Common Impediments to Selling and How to Overcome Them
By Dan Steward
Even with the economy improving overall, it would be false to say the real estate market is booming, especially for home sellers. Unfortunately, negative financial headlines are causing some potential sellers to needlessly hide in fear. For many, it truly is not the ideal time to put their home on the market. But, even in a less-than-robust economy, you might be in the right-perhaps even the ideal-situation to sell. Unfortunately, some common impediments may make you run from doing so. Here are a few of those mental roadblocks, and how to overcome them:
I know my house is too big and expensive to maintain, but it's filled with good memories. A lot of people, specifically in their 50s and 60s and beyond, are reticent to sell a home, because it's where they raised their kids. At holiday time, that pull becomes even more powerful, when family comes back to visit. While memories are extremely important, they can keep people in a home that's too expensive to maintain and too large for them, for too long. And, what's worse, sometimes young adults pressure their parents to hold onto a home. If you're one of those folks who's just left the nest and you suspect that your parents are hanging onto the home just for memory's sake, a little conversation goes a long way. Let your parent or parents know that you want the best for them, and if that's a newer, easier-to-maintain home, that's OK by you. Often, giving a parent gentle encouragement to move on, frees them up to make the decision they know they should make: to sell and downsize.
There's so much inventory out there. Who's even going to stop to look at my house? It's true: in this market, there are a lot of options out there for buyers. But sellers who lament a flurry of potential competition often use this as a bad excuse not to sell. Many real estate professionals these days know a lot about preparing a home for sale, including conducting a home inspection to clearly understand the condition-and value-of your home. Speaking with a real estate professional can give you inspiration and ideas that you never imagined regarding how to distinguish your property. That's the thing about selling your house: you don't have to go it alone. In the best case, you can enlist a team full of great ideas.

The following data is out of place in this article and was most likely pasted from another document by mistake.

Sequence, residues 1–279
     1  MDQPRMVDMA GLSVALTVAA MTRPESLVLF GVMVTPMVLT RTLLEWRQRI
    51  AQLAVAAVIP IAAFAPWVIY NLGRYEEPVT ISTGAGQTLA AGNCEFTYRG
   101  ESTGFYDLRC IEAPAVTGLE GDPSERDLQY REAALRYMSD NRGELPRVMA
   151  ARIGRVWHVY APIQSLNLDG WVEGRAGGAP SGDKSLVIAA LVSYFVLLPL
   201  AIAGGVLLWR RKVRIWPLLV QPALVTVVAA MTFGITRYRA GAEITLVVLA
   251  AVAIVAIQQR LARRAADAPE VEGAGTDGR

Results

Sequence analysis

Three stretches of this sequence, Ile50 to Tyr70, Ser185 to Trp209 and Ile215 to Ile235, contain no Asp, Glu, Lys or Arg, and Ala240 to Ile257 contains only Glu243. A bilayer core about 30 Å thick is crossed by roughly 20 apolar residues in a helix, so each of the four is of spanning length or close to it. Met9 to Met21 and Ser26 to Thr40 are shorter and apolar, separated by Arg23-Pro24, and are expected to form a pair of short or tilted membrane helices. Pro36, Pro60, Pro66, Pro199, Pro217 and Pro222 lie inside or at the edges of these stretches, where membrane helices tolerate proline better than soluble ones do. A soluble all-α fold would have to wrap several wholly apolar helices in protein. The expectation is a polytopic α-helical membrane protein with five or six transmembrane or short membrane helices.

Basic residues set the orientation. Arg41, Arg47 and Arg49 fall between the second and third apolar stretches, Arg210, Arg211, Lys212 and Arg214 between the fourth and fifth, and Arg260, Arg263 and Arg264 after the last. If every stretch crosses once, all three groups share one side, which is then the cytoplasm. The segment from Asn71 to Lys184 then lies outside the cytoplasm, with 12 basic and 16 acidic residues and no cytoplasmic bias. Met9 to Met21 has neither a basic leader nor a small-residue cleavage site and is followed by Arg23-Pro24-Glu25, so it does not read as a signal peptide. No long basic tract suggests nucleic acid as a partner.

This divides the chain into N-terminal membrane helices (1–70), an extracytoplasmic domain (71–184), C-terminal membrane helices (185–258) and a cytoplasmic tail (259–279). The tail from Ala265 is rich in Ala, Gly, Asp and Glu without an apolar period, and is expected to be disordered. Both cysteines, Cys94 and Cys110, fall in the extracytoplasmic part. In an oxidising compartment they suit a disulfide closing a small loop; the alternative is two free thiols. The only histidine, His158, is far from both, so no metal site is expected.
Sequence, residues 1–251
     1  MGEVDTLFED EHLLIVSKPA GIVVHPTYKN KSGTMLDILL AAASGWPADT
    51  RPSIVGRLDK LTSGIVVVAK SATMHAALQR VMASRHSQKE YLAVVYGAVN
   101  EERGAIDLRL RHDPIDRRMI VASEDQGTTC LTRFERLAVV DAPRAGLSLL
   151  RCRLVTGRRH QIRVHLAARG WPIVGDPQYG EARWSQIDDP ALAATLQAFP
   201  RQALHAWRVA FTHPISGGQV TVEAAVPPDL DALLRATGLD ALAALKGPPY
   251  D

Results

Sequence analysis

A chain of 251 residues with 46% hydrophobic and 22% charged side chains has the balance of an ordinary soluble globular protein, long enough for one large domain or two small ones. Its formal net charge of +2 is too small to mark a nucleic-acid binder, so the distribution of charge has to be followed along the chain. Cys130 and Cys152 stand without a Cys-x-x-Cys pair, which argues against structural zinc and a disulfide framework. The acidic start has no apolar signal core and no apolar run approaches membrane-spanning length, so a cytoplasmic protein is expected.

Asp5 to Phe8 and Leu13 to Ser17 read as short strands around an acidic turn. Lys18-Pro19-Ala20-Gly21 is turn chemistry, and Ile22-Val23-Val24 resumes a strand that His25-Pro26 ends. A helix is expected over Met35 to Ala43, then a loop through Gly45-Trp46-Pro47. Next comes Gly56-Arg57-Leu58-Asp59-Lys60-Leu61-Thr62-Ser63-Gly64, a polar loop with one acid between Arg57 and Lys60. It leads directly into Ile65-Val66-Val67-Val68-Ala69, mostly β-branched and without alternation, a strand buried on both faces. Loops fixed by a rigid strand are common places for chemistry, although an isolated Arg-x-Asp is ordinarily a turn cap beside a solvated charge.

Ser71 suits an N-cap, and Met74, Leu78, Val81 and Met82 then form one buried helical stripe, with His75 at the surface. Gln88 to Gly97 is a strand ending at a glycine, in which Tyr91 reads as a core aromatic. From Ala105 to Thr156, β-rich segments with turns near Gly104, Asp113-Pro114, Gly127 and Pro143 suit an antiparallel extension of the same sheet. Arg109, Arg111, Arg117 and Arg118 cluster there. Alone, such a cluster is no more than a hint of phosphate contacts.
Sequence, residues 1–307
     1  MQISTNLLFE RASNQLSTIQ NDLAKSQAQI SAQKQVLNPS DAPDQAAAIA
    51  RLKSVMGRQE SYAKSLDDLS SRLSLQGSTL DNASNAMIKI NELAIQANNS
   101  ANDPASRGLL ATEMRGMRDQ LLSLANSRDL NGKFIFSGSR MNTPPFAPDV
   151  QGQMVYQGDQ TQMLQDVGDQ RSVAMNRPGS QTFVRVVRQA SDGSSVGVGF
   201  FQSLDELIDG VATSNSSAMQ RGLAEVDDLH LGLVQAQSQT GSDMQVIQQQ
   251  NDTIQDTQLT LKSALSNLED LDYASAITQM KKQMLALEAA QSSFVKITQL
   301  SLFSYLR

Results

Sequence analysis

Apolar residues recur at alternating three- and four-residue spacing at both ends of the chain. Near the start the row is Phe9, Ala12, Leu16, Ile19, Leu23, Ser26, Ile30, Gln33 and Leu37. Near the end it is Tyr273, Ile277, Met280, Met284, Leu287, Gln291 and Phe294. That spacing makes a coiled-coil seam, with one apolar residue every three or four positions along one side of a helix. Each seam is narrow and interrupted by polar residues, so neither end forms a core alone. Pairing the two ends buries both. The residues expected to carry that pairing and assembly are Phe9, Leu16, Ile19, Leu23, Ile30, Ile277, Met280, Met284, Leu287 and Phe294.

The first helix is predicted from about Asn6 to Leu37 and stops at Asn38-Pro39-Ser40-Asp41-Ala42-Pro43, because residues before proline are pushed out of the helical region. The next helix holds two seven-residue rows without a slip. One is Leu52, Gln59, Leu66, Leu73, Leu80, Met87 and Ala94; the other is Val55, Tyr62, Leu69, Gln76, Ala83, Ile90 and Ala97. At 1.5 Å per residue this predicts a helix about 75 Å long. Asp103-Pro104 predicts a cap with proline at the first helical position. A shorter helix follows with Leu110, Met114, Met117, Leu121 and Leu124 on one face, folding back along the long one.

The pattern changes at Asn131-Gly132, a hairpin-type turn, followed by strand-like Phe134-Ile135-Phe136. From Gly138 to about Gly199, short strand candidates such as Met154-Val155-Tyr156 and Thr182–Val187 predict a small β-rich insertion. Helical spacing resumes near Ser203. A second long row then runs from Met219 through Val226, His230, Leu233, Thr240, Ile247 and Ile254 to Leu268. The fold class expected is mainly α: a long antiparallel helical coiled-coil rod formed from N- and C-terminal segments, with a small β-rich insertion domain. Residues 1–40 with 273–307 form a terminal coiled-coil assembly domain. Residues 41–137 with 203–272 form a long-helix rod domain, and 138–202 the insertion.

The housing market's down. The Federal Reserve recently noted that after losing ground in the spring, Americans' wealth grew 2.2% throughout July-September, and household net worth rose to nearly $55 trillion. But despite this, the value of real estate holdings sank 3.7%. It's true, the real estate market truly hasn't fully recovered, and it would be disingenuous to sugar-coat it and say that you'll easily get your ideal asking price in a week if you sell. But still, too many people read the second statement above-home prices are down-without taking it in stride with the first: things are improving overall. A lot of us focus on bad news without looking at the good. Home values have not fully rebounded. But the increase in Americans' wealth means there are more people with cash freed up to buy. Also, these figures don't take geographical areas into account. Your area might be doing better than the national average; values aren't depressed in every single market. The best way to know what's best for you is to ask a trusted real estate professional. Communication is the key to success, rather than hiding when you see a negative headline.
Dan Steward Is president of Pillar To Post Professional Home Inspections.
For more information, visit www.pillartopost.com.